Federal health regulators have rejected an application filed by Acadia Pharmaceuticals to expand the use of its blockbuster antipsychotic drug, Nuplazid, highlighting concerns that the medication may not be effective among certain subgroups of dementia patients.
In a Complete Response Letter (CRL) submitted by the U.S. Food and Drug Administration (FDA) on April 5, the agency denied the Acadia Pharmaceuticals application to extend approval of Nuplazid for treatment of hallucinations and delusions associated with other forms of dementia-related psychosis (DRP).
Nuplazid (pimavanserin) is an atypical antipsychotic, which is currently indicated for reduction of hallucinations experienced by Parkinson’s disease patients. The drug was introduced by Acadia Pharmaceuticals in April 2016, after it was approved by the FDA through a fast track “Breakthrough Therapy” process.
Shortly after Nuplazid’s release, the medication brought in about $125 million sales in 2017, and Acadia Pharmaceuticals began a supplemental New Drug Application for Nuplazid seeking approval to market the drug for use among patients with various forms of dementia, including Alzheimer’s.
Following a several year application, in which Acadia Pharmaceuticals submitted results of its required DRP pivotal HARMONY study for labeling and post-marketing requirements, the FDA rejected the label expansion Monday and took issue with the drug’s efficacy.
According to the FDA’s response, the agency’s division of psychiatry found “the trial wasn’t enough to prove the drug’s effectiveness because of a lack of statistical significance in some patient subgroups—including those with Alzheimer’s disease—and the small numbers of patients with certain less common dementia subtypes.”
The FDA further stated the included Phase 2 Alzheimer’s disease psychosis study was inadequate, lacking proper controls to account for certain protocol deviations in Alzheimer’s patients.
The rejection came as a surprise to Acadia Pharmaceuticals, who reportedly stated the results of the FDA’s CRL were “very disappointing” and maintained the HARMONY study met its pre-specified endpoints to prove statistical superiority of pimavanserin over the placebo group.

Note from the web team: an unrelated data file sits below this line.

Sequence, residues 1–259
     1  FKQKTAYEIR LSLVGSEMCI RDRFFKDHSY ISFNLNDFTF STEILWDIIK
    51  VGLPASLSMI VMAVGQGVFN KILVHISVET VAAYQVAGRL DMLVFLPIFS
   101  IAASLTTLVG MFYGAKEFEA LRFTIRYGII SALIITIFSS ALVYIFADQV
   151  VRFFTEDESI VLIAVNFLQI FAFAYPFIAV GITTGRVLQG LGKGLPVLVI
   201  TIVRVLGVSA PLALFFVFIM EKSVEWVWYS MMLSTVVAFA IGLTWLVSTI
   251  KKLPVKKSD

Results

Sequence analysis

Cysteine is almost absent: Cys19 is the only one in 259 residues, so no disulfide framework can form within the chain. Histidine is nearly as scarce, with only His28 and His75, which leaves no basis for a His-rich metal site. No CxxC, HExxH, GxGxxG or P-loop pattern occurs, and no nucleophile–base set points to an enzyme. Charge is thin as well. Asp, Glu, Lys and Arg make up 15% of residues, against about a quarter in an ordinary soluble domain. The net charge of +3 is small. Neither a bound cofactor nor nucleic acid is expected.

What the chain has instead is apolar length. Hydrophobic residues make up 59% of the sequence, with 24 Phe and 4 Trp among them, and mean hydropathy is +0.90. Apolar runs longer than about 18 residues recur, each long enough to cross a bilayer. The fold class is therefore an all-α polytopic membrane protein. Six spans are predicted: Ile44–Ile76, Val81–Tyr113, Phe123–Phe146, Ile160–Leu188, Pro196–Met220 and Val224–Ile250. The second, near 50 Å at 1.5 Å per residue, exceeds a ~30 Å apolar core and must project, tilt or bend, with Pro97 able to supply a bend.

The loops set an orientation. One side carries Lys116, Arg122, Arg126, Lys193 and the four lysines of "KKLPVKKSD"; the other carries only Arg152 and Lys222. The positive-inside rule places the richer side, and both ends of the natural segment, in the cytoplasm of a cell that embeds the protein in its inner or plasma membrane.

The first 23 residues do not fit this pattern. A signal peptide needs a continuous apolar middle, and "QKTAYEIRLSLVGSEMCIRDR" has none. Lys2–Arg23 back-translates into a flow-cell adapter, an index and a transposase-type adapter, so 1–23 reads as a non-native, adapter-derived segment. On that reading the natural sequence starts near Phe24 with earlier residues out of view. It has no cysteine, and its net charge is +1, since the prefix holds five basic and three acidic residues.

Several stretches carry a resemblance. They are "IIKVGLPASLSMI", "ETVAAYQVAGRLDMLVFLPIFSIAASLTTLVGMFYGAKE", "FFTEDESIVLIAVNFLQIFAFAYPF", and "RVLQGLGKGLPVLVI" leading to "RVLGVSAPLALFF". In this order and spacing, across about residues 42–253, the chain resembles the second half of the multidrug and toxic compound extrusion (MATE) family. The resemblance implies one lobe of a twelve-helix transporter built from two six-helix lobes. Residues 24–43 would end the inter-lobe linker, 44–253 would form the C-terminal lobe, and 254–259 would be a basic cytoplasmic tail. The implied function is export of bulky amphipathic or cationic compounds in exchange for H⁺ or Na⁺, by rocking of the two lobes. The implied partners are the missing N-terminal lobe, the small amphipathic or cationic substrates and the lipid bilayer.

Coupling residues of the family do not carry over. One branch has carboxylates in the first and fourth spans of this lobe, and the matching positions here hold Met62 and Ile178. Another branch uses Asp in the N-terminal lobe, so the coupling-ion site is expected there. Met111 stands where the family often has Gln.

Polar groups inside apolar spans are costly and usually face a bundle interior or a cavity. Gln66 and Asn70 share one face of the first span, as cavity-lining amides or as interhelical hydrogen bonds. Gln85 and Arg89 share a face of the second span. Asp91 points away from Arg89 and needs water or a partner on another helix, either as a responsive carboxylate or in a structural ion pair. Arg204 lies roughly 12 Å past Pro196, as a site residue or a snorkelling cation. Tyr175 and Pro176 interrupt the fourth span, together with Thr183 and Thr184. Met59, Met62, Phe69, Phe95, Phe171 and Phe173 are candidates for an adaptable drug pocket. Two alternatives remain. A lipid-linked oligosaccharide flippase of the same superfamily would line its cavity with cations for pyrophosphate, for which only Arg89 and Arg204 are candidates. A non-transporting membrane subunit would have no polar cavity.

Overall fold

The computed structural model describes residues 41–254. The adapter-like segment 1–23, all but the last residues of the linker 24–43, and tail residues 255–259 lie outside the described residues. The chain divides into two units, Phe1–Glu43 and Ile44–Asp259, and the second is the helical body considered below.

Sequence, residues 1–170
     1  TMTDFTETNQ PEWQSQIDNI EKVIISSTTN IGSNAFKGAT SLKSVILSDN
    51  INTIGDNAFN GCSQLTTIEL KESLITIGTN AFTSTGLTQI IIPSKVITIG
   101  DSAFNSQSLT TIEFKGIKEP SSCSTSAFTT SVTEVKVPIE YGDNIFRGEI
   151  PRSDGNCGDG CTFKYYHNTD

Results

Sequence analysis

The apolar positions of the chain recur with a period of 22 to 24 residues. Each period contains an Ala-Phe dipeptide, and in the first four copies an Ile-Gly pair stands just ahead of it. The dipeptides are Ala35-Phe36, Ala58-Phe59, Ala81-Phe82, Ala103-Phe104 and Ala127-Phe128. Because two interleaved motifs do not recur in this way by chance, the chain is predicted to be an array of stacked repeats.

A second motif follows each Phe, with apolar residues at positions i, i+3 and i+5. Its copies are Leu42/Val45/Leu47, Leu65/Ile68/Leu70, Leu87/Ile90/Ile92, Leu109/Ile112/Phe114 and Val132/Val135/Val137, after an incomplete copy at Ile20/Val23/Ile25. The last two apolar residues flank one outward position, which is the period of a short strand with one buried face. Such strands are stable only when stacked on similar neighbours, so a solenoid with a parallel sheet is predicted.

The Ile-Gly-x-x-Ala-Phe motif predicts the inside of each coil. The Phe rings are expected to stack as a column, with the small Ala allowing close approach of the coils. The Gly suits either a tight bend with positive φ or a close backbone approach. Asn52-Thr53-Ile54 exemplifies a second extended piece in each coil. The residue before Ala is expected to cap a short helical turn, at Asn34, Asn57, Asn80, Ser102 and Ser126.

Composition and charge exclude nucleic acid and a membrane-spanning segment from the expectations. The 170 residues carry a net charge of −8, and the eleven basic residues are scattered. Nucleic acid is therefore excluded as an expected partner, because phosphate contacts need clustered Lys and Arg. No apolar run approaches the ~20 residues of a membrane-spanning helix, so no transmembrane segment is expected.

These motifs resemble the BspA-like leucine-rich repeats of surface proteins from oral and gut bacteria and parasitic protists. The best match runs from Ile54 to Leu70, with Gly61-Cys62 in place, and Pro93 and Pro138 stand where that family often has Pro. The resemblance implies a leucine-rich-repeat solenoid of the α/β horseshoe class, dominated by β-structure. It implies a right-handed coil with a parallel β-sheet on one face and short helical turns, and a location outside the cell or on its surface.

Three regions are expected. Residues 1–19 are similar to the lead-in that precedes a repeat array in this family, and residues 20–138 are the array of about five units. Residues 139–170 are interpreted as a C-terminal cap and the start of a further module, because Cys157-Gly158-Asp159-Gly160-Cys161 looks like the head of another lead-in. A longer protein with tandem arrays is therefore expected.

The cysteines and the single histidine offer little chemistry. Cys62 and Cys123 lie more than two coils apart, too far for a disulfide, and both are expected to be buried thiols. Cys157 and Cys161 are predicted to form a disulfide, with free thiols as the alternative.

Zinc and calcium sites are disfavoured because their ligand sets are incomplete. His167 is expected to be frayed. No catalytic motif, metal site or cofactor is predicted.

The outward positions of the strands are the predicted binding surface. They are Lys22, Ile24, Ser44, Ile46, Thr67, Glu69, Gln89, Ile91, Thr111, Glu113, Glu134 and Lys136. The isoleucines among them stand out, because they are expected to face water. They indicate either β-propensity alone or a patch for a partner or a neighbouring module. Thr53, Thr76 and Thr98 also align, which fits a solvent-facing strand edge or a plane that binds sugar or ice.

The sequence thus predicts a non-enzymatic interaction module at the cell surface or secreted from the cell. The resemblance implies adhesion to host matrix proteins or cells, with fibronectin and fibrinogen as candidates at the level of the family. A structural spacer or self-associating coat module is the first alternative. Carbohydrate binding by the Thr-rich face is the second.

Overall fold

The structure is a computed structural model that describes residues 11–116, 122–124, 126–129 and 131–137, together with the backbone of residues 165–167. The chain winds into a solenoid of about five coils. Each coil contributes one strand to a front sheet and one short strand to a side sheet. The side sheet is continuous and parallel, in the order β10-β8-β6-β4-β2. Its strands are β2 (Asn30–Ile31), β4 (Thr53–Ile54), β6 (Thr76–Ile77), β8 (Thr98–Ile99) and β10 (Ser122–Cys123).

Acadia Pharmaceuticals was already facing concerns over the potential side effects of Nuplazid, after an alarming number of adverse events and patient deaths were reported, leading to serious questions about whether benefits outweigh the potential health risks and whether a Nuplazid recall may be necessary.
In April 2018, the FDA launched a safety review into Nuplazid problems after receiving 2,236 adverse event reports over the course of its first year on the market, including 244 deaths and signs that the drug may actually worsen hallucinations in some cases.
Since 2016, the FDA has received a total of 6,000 Nuplazid incident reports and 700 deaths, with at least 500 of the fatalities listing Nuplazid as the only suspect medication taken by the patient at the time.
The Institute for Safe Medication Practices (ISMP) issued a warning about Nuplazid safety signals in its November 2017 QuarterWatch report, citing Nuplazid may cause a variety of undisclosed problems including falls, insomnia, nausea, and fatigue.
As a result of the drug makers’ failure to adequately warn about the risks associated with their medication, Nuplazid injury lawyers are evaluating whether users may be entitled to compensation through a product liability lawsuit.